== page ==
Wild and Woody! (1948) (1948). Woody Woodpecker dons a catcher's outfit and catches the bullets that Buzzy Buzzard shoots at him. A moment later, he's the batter who slams Buzzy to the other side of the saloon.

    It Happens Every Spring (1949) (1949). A scientist (Ray Milland) discovers a formula that makes a baseball which is repelled by wood.

    Bunker Hill Bunny (1950) (1950). Sam von Schmamm the Hessian throws a bomb at Bugs Bunny. Bugs puts on a baseball uniform, takes a baseball bat and hits the bomb back to Sam.

    Rhubarb (1951) (1951). A cat inherits a baseball team. Ray Milland plays the feral kitty's legal guardian.

    Speedy Gonzales (1955) (1955). Sylvester uses a mitt to catch Speedy Gonzales. He gets a baseball instead.

    "The Mighty Casey (1960)" (1960). A robotic baseball player (Robert Sorrells) changes the fortunes of a hapless team, much to the short-lived delight of its coach (Jack Warden).

    The Naked Gun: From the Files of Police Squad! (1988) (1988). Lt. Frank Drebin (Leslie Nielsen) poses as an umpire in a desperate attempt to extend a game.

    BASEketball (1998) (1998). Goofballs play a game that's a combination of baseball and basketball.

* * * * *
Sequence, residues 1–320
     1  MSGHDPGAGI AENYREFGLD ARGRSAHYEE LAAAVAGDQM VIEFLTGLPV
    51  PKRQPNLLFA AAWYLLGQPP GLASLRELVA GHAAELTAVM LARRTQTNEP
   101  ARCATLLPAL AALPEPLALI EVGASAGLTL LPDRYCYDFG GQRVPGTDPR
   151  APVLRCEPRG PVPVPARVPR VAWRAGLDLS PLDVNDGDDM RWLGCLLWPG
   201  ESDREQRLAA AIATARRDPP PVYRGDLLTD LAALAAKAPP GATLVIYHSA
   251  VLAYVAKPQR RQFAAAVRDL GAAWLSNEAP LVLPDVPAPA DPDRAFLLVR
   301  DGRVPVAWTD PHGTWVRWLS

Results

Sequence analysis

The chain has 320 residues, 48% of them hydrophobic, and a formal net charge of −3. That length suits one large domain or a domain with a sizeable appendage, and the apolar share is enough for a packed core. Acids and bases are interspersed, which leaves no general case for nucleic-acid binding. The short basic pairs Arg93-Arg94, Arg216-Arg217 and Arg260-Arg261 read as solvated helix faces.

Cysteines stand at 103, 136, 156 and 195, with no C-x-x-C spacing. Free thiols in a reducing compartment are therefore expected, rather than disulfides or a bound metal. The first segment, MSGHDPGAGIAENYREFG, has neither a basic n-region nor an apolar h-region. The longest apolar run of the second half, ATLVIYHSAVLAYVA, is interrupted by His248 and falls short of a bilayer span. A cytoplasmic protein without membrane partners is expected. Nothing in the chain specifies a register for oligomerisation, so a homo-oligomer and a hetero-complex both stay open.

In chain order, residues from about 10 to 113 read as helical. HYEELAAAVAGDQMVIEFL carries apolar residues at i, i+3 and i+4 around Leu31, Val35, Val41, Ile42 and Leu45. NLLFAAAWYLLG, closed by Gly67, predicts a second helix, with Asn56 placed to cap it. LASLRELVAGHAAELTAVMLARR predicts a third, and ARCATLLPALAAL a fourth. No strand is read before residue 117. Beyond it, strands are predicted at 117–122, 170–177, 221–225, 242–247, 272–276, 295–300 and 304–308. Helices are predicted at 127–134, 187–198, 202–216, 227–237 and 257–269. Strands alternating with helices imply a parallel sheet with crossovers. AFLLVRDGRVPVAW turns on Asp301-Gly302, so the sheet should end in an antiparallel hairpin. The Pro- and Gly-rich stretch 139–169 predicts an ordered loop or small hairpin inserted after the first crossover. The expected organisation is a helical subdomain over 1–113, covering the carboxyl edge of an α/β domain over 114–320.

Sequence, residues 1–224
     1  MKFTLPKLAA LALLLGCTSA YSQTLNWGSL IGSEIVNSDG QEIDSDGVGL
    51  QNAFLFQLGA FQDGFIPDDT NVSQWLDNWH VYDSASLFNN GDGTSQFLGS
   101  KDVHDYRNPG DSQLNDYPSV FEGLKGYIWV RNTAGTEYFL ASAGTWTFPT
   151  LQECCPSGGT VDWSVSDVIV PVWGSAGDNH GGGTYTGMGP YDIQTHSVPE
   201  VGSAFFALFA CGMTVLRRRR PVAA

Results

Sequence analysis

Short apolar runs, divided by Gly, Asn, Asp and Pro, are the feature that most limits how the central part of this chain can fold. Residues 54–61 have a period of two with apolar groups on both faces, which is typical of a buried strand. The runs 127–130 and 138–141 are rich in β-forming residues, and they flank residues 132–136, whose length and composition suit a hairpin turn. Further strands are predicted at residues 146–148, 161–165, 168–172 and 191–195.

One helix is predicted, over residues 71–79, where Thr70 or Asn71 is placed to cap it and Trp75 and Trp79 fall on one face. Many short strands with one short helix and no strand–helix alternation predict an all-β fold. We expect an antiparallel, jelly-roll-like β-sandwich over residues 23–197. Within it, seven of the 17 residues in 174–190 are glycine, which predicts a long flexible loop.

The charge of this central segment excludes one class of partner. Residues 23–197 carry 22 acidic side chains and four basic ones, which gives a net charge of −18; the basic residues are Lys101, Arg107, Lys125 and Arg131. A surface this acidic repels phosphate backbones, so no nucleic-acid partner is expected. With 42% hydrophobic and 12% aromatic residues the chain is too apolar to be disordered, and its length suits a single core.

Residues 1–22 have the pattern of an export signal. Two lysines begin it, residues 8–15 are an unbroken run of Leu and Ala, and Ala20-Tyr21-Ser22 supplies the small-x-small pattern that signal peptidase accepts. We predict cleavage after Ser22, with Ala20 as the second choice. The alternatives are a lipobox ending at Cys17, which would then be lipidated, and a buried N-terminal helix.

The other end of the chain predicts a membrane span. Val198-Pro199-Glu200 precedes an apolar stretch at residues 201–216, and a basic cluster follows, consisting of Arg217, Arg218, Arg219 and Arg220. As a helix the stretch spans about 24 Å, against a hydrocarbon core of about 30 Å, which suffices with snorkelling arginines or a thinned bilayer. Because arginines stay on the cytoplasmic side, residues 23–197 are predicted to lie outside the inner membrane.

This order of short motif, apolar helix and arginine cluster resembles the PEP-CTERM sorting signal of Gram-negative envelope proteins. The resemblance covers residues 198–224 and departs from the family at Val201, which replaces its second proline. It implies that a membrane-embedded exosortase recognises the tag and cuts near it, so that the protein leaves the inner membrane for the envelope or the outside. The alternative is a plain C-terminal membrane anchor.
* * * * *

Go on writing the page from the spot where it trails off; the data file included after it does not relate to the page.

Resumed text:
• The following is a list of films where a character, usually a Warner Brothers cartoon character, wins an argument by taking his opponent's side, which tricks his opponent into adopting his own.

    Baseball Bugs (1946) (1946). The umpire (a baseball player in disguise) tells Bugs he's out. Bugs insists he's safe. They argue, "Safe! Out! Safe! Out!" until Bugs starts saying "Out!" and the false-umpire insists he's safe. Bugs agrees with the umpire and wins the debate.

    Haredevil Hare (1948) (1948). "Oh, yes you will!" "Oh, no I won't!" changes to "Oh, no you won't!" "Oh yes, I will"; and thus Bugs gets back the Uranium PU-36 Explosive Space Modulator.

    Rabbit Fire (1951) (1951). In the classic example of this tactic, Bugs Bunny argues it's duck season; Daffy Duck argues it's wabbit season. When Bugs switches sides, so does Daffy without realizing it. Thus, Daffy "wins" and gets the gunfire in his face.

  • Yes, it's included in the Looney Tunes Golden Collection, Volume One (2003) (V) Disc 1.